EFS encrypted harddisk

Discussion in 'Computer Security' started by Arjen, Nov 18, 2004.

  1. Arjen

    Arjen Guest

    Hello there,

    i have the following problem here:

    I have here an workstation with 2scsi and 2eide hdd's here. So 4 harddisks.

    On one harddisk i have my windows 2000 proffesional, and on an other (BACKUP
    HDD) my backups with my personal letters, scanned photo's etc.

    The other two harddisks i used for different purposes.

    However, i new installed my windows 2000 on the system disk and in order to
    be sure i made all partitions deleting on my system harddisk. What i didn't
    realised was that i had on my backup harddisk made a folder for all these
    back-up data who was encrypted by WIN2000 it's own EFS encrypting system.

    I tagged this folder containing all these documents from me as to be
    encrypted by windows itself.

    Now i have deleted my mother harddisk where were all the system and program
    files on and i discovered that by removing the partition and lowlevel format
    the who thing to start new i REALLY have to start NEW. I deleted the digital
    key and now i have no more acces to my backup harddisk who is in NTFS

    I tried to backup/copy all the files to an FAT32 Harddisk but the only step
    forward of my efforts were that i had no longer the access control agent
    from the file NTFS system. I could open a file (photo whatever) but got the
    message that file was not a valid or corrupt file.

    I phoned with Microsoft with the question if they could crack en decode my
    harddisk containing all these files and photo's. But the only answer i got
    from them was that sorry sir you lost all your data. Now i can accept that
    it maybe would be difficult to decrypt the who'll thing but not an answer

    Does anybody know a solution to decrypt my data?! I looked for programs to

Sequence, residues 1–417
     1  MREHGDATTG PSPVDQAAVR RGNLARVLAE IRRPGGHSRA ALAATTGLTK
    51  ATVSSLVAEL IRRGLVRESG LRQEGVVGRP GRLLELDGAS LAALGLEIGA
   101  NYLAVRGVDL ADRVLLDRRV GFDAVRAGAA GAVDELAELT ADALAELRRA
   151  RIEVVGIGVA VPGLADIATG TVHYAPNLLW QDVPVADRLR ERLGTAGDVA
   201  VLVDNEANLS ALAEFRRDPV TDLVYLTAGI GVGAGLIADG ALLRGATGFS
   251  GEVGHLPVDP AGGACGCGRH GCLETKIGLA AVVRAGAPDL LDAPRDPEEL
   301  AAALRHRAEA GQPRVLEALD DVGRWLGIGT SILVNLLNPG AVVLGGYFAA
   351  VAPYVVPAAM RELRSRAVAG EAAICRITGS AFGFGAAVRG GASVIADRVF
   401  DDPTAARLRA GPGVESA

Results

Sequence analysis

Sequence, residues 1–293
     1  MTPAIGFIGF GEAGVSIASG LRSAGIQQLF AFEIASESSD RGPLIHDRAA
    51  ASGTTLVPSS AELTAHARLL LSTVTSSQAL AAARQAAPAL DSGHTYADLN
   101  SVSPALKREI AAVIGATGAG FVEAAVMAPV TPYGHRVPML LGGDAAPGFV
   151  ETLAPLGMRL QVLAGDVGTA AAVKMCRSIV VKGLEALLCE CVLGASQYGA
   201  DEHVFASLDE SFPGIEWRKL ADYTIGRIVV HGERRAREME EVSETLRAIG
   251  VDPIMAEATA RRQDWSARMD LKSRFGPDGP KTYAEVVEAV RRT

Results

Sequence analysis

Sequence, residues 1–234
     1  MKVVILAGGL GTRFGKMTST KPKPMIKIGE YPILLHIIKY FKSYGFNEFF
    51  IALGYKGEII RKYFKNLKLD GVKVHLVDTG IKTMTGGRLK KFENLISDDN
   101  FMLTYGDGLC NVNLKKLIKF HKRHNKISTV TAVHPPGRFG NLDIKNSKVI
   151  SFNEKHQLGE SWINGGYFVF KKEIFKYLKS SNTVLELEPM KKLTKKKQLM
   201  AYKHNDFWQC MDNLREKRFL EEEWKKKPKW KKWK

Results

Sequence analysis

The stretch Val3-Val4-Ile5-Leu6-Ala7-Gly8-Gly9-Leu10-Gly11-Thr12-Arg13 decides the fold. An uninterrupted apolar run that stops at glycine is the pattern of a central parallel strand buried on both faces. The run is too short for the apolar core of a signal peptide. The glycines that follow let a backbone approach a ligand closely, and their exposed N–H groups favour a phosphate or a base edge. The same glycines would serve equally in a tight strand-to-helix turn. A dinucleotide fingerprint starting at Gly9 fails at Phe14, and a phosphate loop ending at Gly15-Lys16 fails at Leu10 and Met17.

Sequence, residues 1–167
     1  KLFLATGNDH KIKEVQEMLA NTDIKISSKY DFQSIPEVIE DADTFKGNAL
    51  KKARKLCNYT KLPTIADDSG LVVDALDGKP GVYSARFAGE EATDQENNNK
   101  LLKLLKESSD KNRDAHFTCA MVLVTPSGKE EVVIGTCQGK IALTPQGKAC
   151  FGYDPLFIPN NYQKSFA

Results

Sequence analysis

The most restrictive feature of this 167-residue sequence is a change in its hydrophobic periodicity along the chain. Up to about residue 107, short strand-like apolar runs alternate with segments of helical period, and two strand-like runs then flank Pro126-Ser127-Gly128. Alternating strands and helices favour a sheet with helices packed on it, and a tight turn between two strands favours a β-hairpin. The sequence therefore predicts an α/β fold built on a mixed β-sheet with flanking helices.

decrypt but didn't found. Maybe someone knows an expert on these things. If
    i had the money i would sue MS because it is their own product who i trusted
    and since i can't remember i was warned by the program or in product papers
    about this issue i would be happy to know that i had at least some kind of
    support for product problems. You pay alot of money for one of their
    products and you make a mistake and loose a big part of your life resulting
    to start all over again by making a digital administration.

    Ok enough about that but is there anybody who knows somebody who could make
    a second key for me?! I had a part of my data back-upped on a cd prior the
    whole installation process. So i could arange an uncrypted file and a
    encrypted one. Maybe this would help i don't know.

    Is there anybody who could help me with this?!

    Greetings from the netherlands,

    Arjen, Nov 18, 2004
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  2. Arjen

    donnie Guest

    Here is something from windows help.

    To recover an encrypted file or folder if you are a designated
    recovery agent

    Use Backup or another backup tool to restore a user's backup version
    of the encrypted file or folder to the computer where your file
    recovery certificate is located.
    In Windows Explorer, right-click the file or folder.
    Click Properties.
    On the General tab, click Advanced.
    Clear the Encrypt contents to secure data check box.
    Make a backup version of the decrypted file or folder and return the
    backup version to the user.
    donnie, Nov 19, 2004
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  3. Arjen

    Wimbo Guest

    Hash: SHA1

    For as far as I know is EFS based on public key encryption. The
    certificate (with private key) is stored in your profile. If you lose your
    profile, you lose your certificates. Resulting in no more access to the
    encrypted stuff.

    In a corporate Active Directory environment, the Enterprise Admin (by
    default) has rights to rescue the files. in a stand-alone environment....
    you're on your own.

    If there was a simple way of decrypting such encrypted files, there would
    be no more RSA, Verisign, etc.

    First rule in encryption: make sure you have a working backup.
    I know that this is of no use at this moment, but may prevent future

    Problem with the MS EFS solution is that there's little info for the user
    about the risks. Enabling EFS is easy..... Using it properly is something
    completely different.


    Version: PGP 8.1
    Comment: Ignorance is bliss

    -----END PGP SIGNATURE-----
    Wimbo, Nov 22, 2004
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